Skip to the content


Celebrating Black History Month | Soul Phoenix interview

Soul Phoenix is an England Touch Regional Development Officer, Schools Development Officer and proud member of the Equality, Diversity & Inclusion Working Group. He is the coach of the current Men’s 45s National Touch Champions - Midlands Tigers, manages Nomads Touch club and is an ambassador and advocate for positive mental health. He is also an accredited Life Coach. England Touch Equality and Diversity Officer Tatchen Dawodu-Alcide spoke to him.

Tae: What was your journey into touch? 

Soul: I'd been playing rugby union from a very early age, pretty much all my life, and I got to a point where I was approaching 40 and, whilst it didn't feel like the end was nigh physically, I was aware of the fact that I probably couldn't do this forever! 

I was looking for something else to do. I'd seen some of the old rugby players get into cycling or triathlon, and I was like "That’s not for me!". Or they're going out walking and things like that, which is just not competitive enough for me.

So I saw someone who played Touch Rugby for England Men’s 40s at my local rugby club and got involved in the Touch Rugby activities that he and some of the other enthusiasts were organising. I enjoyed it so much that, not long after, I made the decision to pursue it seriously - and that’s really where my journey began.

I soon saw an advert from England Touch inviting people to trial for England and I was fortunate to get included in the Men’s 40s squad and then I was even more fortunate to get selected in the final squad to go to the European Championships in Italy in 2012! I was really inexperienced but I fully accepted that fact - I worked really hard, I listened and learned as much as I could about the sport. I think that’s what ultimately got me in. Obviously, after playing a tournament at that level I’d really found my feet as a touch player, so when I returned to England I was determined to bring the sport back to my community and grow the game. That’s the story of how I got into touch and it’s been an amazing 10 years since then!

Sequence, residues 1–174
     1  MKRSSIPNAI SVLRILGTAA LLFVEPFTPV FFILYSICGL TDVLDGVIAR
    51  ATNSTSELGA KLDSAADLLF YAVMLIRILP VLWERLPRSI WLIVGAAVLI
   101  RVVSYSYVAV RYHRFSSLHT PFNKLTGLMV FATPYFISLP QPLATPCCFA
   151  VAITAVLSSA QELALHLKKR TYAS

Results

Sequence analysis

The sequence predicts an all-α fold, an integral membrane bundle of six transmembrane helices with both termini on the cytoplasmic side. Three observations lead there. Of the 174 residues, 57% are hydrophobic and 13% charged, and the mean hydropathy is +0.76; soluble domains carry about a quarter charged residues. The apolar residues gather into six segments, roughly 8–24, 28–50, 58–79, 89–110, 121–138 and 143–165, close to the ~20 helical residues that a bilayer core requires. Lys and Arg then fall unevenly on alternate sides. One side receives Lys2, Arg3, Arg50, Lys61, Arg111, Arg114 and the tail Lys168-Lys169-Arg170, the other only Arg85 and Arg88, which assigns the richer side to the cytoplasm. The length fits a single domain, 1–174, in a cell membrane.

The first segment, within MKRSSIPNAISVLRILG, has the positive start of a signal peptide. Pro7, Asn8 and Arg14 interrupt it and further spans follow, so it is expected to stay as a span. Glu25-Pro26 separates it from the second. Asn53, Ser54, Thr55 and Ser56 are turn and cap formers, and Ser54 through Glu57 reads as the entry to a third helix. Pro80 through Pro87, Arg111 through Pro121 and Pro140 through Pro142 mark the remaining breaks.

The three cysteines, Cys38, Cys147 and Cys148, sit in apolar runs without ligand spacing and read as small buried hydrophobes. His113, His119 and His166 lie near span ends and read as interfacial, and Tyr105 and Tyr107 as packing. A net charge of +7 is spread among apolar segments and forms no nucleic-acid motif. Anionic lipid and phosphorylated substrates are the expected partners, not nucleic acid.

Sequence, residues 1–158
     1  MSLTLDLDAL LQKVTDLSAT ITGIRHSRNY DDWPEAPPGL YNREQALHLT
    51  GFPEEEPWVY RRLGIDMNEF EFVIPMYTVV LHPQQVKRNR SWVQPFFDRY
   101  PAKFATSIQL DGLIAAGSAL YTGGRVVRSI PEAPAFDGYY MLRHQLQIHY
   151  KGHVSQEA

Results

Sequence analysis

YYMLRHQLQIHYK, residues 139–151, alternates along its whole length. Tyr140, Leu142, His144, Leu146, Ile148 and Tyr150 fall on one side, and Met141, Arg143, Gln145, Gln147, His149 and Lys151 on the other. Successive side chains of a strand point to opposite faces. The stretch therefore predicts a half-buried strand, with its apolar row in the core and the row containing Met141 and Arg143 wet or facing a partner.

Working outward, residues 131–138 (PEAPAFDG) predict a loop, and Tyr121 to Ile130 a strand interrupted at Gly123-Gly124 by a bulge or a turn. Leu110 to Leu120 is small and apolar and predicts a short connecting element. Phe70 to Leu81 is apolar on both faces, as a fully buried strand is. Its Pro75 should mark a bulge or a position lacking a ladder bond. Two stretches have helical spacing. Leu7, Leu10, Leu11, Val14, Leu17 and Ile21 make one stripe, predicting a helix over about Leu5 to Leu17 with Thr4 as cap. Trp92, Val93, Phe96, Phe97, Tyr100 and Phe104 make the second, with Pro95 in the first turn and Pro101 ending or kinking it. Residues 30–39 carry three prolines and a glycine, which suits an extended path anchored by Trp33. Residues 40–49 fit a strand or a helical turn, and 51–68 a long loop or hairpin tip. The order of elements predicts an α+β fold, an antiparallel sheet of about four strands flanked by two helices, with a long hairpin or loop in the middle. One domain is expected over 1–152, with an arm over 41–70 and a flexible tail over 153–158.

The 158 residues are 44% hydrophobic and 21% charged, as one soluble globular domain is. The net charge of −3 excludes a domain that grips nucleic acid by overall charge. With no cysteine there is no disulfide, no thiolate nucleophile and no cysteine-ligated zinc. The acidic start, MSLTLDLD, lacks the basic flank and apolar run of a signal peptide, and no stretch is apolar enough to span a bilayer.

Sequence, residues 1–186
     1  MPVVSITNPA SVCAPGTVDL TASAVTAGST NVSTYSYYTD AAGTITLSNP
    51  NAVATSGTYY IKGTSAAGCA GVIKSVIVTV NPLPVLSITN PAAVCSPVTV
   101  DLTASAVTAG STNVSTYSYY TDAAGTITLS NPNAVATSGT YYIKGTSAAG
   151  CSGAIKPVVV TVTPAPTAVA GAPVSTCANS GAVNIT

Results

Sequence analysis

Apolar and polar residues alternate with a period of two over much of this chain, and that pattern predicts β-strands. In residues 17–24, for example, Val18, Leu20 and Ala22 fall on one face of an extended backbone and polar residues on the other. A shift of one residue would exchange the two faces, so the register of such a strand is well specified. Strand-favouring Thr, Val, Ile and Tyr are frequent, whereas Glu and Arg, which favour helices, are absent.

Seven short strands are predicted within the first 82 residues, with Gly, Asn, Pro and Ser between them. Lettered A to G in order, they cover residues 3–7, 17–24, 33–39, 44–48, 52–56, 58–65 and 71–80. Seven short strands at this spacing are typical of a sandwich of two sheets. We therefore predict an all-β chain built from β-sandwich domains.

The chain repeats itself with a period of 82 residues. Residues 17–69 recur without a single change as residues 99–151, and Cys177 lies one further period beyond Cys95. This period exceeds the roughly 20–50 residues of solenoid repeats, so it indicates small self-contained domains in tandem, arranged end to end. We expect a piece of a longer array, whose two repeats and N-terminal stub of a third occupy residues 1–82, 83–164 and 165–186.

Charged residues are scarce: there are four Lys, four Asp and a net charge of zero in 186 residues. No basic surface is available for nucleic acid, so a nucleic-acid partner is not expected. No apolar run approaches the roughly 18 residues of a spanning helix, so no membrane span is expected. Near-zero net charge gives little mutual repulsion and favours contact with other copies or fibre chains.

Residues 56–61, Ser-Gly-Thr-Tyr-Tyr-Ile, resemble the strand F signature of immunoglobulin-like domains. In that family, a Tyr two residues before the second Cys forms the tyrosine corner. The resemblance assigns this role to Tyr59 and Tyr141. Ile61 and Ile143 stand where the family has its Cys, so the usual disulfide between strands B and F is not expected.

Tae: How did you feel after that first tournament, when you went to Italy?

Soul: My brother was a British athlete - actually our top long jumper for many years. He's an Olympian, a World Championship gold medalist and a Commonwealth silver medalist. He's done so many amazing things and I always wanted to do something to represent our country as a sportsman just like him. I obviously really looked up to him. Through his influence, my first sport was of course Athletics. I went to our local stadium as a youngster with him. One summer he and some other athletes put together a summer holiday training scheme for kids and I was there for the whole five weeks. I think that really set me up with an athlete's mindset. I would dream: “Imagine playing for England? That would just be awesome!” 

So when I got off the plane in Italy for that first tournament, it was surreal! I know that some people would like to think of Touch Rugby as a minor sport and that you're not really representing in the same way as people who play football for England, but ultimately when it comes down to it we’re all athletes and when you represent your country, you're representing your country. It's as simple as that. 

It was an amazing experience to do that. It was something that I was so proud of. As I said, it was completely surreal. And then afterwards I just wanted to really try to help the sport grow. I wanted to be somebody who was responsible for its development, you know? So that's what I came back from there with, definitely with that sort of intent that I wanted to basically do my bit, to try to grow the sport and help people. So yeah, I've been trying to do that ever since.

Tae: What advice would you give to someone who wants to try touch?

Soul: I wouldn’t just give advice, I'd give encouragement! For example, it’s one of the few sports that you can go from beginner level to international level very quickly if you want to take it seriously enough. The only thing I’d add is that if, like me, you come from rugby union or another rugby code, then start with the understanding that you have more to learn about the game than you have to offer - it’s actually a different sport. 

Not everybody wants to be really competitive though and that’s the other brilliant side of Touch. It’s very social. You can just enjoy it as a fun leisure activity and have a great time whilst keeping yourself healthy-fit, playing with your family and friends, both male and female, and benefiting from the positive impact on your mental health. It really is a sport for all. Whatever you’d like to get out of it, my advice is to get yourself down to a local Touch Rugby club, and they will always be very happy to welcome you. Alternatively, get in touch with your regional development officer - of which I am proud to be one.  

Tae: You touched on it just then by saying that Touch is very social. Aside from that, what else do you enjoy about Touch?

Soul: I enjoy the fact that it's a game that rewards teamwork over talent. It's not a game where you can have one good player in it, and he or she can do everything. Don't get me wrong, of course, if you’ve got a good player then it's a strength, but a good player has to have people around them who know what they are doing. Teamwork is in the very fabric of the game and the team with the best teamwork will usually do better than a less collaborative team with more talented individuals. So whilst ability is still, of course, important, it ultimately rewards co-operation.